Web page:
11 septiembre 2009


Coming from the Hebrew word for “forgiveness” and a liturgical poem whose subject is a plea for the forgiveness of sins, Selichot is a service of penitential prayers that are recited on all fast days, periods of special intercession and during the penitential season, which begins before Rosh Hashanah and concludes with Yom Kippur.

The Sephardic community recites the Selichotfor the 40 days from the first of Elul (the month before Tishrei, the beginning of the Jewish New Year) to the Day of Atonement. The Ashkenazic community, on the other hand, begins reciting the prayers on the Sunday before Rosh Hashanah. In America, a late Saturday evening service has become the customary practice. The liturgy and music of the Selichot service are intended to instill a mood of solemnity that serves as a prelude to the sacred themes of the High Holy Day season.

Originally, the Selichot service consisted of several groups of biblical verses, each culminating in the recitation of the Lord’s 13 attributes enumerated in Exodus 34:6. In Geonic times (the sixth to the 12th century), the service was expanded and enriched with the inclusion of the penitential prayers written by liturgical poets.

Tomando de Temple Emanu-El

Selichot: Prayers of Repentance

Selichot, prayers for forgiveness, are ancient prayers already mentioned in the Mishnah. They originated as prayers for fast days. The Mishnah describes public fast days and the order of prayer for such occasions as featuring a series of exhortations that end with the words "He will answer us," recalling the times in Jewish history when God answered those who called upon Him. The Tanna deve Eliyahu Zuta, a midrashic work that dates at the latest to the ninth century, mentions a special service for forgiveness instituted by King David when he realized that the Temple would be destroyed. "How will they attain atonement?" he asked the Lord and was told that the people would recite the order of Selichot and would then be forgiven. God even showed David that this act of contrition would include a recitation of the "Thirteen Attributes of God," a descriptive passage from Exodus that expresses God's merciful nature:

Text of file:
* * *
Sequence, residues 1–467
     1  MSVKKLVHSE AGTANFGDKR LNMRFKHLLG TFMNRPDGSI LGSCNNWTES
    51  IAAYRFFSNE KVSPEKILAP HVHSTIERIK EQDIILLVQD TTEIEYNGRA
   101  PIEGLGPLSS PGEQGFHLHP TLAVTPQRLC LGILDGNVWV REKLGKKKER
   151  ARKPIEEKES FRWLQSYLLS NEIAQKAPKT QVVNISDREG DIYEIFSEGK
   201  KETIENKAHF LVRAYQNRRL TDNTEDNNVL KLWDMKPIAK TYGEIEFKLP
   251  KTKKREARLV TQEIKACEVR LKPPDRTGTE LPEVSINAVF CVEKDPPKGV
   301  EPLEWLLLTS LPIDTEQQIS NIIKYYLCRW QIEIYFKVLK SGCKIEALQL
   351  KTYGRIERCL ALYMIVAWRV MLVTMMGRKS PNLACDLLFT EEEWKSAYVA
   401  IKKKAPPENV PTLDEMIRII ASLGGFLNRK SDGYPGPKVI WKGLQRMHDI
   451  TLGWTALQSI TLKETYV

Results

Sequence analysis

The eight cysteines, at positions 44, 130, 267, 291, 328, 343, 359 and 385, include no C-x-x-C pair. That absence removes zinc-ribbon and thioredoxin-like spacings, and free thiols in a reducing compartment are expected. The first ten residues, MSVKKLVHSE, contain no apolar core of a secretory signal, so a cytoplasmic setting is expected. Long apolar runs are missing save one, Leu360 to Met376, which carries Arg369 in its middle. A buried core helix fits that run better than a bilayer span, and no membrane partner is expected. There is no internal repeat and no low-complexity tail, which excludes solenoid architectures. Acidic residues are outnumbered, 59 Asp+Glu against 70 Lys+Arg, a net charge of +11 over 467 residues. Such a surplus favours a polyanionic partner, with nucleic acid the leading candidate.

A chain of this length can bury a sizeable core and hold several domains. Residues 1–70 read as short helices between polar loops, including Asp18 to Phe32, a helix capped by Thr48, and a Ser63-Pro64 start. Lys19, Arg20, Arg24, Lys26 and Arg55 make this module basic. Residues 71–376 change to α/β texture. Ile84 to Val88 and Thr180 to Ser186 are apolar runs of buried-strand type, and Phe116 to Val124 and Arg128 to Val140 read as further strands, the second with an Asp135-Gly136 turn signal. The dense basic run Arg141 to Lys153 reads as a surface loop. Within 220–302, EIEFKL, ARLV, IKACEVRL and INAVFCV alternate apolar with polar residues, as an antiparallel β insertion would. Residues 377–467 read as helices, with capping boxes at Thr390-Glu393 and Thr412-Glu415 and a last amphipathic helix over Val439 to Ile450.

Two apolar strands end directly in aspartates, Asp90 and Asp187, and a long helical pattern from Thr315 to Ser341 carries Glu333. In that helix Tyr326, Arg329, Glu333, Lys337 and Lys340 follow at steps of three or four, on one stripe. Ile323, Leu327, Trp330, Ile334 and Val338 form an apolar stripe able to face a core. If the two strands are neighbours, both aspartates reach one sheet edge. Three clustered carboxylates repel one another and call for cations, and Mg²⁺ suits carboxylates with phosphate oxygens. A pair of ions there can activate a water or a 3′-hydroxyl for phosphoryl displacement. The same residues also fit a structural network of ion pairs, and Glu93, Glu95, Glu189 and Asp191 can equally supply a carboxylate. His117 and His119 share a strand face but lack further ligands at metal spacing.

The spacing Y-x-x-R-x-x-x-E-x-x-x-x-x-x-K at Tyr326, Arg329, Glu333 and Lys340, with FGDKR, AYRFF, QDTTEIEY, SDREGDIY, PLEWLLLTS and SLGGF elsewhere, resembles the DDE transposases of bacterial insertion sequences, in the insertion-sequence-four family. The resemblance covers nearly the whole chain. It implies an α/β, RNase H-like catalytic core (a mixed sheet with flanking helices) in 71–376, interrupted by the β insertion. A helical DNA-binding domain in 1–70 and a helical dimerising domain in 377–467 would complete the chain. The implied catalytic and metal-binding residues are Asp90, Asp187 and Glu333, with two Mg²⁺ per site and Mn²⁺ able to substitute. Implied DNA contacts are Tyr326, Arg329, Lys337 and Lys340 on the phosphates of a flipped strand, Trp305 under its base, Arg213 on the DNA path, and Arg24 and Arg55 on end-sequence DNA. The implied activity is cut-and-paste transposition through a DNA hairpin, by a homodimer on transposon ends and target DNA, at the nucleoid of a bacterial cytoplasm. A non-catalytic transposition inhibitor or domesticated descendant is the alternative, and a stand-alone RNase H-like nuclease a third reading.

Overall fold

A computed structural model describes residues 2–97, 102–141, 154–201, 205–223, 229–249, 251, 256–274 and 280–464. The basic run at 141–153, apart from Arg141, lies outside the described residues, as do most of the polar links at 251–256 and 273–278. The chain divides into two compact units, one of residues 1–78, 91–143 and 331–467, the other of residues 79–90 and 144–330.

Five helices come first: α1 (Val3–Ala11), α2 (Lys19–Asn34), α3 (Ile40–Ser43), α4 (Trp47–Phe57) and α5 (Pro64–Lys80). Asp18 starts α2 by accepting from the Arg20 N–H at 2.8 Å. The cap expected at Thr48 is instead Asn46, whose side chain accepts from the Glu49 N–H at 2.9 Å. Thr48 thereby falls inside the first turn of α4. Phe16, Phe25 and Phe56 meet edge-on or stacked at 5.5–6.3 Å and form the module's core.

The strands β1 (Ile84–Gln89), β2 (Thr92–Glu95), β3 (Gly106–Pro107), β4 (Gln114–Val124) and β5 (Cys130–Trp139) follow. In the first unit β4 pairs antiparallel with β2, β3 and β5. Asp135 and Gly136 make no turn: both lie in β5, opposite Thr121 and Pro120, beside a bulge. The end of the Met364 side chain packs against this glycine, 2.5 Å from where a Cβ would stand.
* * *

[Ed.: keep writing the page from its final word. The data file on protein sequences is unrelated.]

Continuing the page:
"The Lord! The Lord! A God compassionate and gracious, slowto anger, rich in steadfast kindness, extending kindness to the thousandth generation, forgiving iniquity, transgression, and sin; yet He does not remit all punishment..." (Exodus 34:6‑7).

The name "Lord" [the Hebrew letters YHWH which constitute God’s name] was consistently understood by the Rabbis as referring to the appearance of God in His attribute of mercy, Therefore, its repetition in this passage indicated that God was merciful at all times. As the Talmud put it:

"The Lord! the Lord!"‑-I am the same before one sins and after one sins and repents. "A God compassionate and gracious..." Says Rabbi Judah, "A covenant has been made concerning these Thirteen Attributes. They will never be turned away empty handed..."

The Selichot service also emphasizes the recitation of "The Thirteen Attributes." Over the centuries, special poems embellishing this passage were added to the Selichot. The exact poems to be recited may differ from place to place, but the basic elements of the service have remained the same throughout the Jewish world. Because of its emphasis on God's forgiving nature, this text describing "The Thirteen Attributes" plays an important role in the Yom Kippur liturgy as well.

The tradition of reciting Selichot throughout the month of Elul may stem from the fact that it was customary to fast six days before Rosh Hashanah. Since the Selichot originated as prayers for fast days, it followed naturally that they would be recited at this time.


Tomado de My Jewish Learning

El movimiento reformista ha editado hace años un servicio especial de Selichot. En Google Books se puede acceder a parte de la obra:

Gates of forgiveness

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